It seems like a review of the great FOSI development environment in Arbortext Editor would be helpful at this time. Following is a brief description with a few graphics embedded. To see full-size graphics, please view this document on my website atwww.FOSIexpert.com/files/FOSI-interfaces.htm. Withtwo powerful interfaces that are tightly integrated intoArbortext Editor,FOSI developers enjoy a very cushy and supportive development environment. The interfaces complement each other nicely, each with its own tools for development and troubleshooting. The FOSI style panels interface is designed to help newbies get started. But it does a lot more. You can open a style panel from an element in the Edit window, and link from the style panel to the tagged editor, and from the style panel back to the Edit window. The style panels interface displays panels for various components of the FOSI stylesheet at the same time. And the Resolve feature displays the formatting properties in effect for a given element, with a link to the source of each.Wondering where Arial is coded? Resolve the style panel and instantly link to the source panel.
The tagged FOSI editor provides a linear view of the FOSI stylesheet. Since FOSI is a structured markup application, a .fos file displays in Arbortext Editor, and you can use Arbortext Editor capabilities to navigate and edit the FOSI, including entering ACL commands at the command line. The tagged FOSI editor enables linking to each use of a counter, variable, page set, etc. And you can start a style panel from the tagged FOSI editor. You can even use Edit->Edit Selection as SGML/XML Source to globally change a variable name. In addition, you can selectSynchronizeEditor Position in the Preview popup menu to link from the Preview window to the corresponding place in the Edit window. Then you can start a style panel for the relevant element, resolve the e-i-c, and immediately identify the source of a formatting error. The graphics below illustrate important functionality.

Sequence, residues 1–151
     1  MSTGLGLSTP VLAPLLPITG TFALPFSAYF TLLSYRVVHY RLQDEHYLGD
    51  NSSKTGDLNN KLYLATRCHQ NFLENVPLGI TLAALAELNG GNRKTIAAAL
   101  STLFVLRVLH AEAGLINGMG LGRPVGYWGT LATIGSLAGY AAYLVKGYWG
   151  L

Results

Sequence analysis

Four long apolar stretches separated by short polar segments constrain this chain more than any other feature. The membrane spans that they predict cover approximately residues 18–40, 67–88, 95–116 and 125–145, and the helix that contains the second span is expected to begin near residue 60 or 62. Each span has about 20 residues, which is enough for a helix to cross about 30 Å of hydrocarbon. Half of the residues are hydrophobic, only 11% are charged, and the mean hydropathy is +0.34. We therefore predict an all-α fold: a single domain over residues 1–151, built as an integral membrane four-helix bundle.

The first graphic shows the Edit window (in the top left corner) and some components of both FOSI interfaces. The red arrows illustrate one- and two-way links. The blue arrows point out how the command lines in the Edit window and the tagged FOSI editor can be used. In addition, this graphic shows how an ACL variable can change formatting; how an attribute value can be used as document content; how easily counters are declared, incremented, and output; how the Resolve feature displays all formatting in effect; and how a FOSI can format a FOSI.
The next graphic shows the same element in both interfaces and in an ASCII editor. You can see that most FOSI code is generated by the software. The developer supplies only the variable information.
The next graphic shows how easy it is to get help information for FOSI formatting properties. Just click on a category and press F1.
Last but not least, the final graphic shows Preview's Synchronize Editor Position menu item, which links from Preview to the corresponding position in the document in the Edit window. So, when you spot a formatting error in Preview, you can link to the document, start a style panel for the relevant element, resolve the panel, and launch the panel in which the formatting property is coded.
The above graphics also show thatwhen best-practice naming conventions are used,thereis little need for commenting. And since there are no nested parentheses or brackets, there is no need to waste time entering horizontal and vertical white space to keep track of the nesting. In addition, you can see that FOSI syntax is reasonable. Bottom line:excellent productivity. Please let me know any questions. Suzanne Napoleonwww.FOSIexpert.com"WYSIWYG is last-century technology!"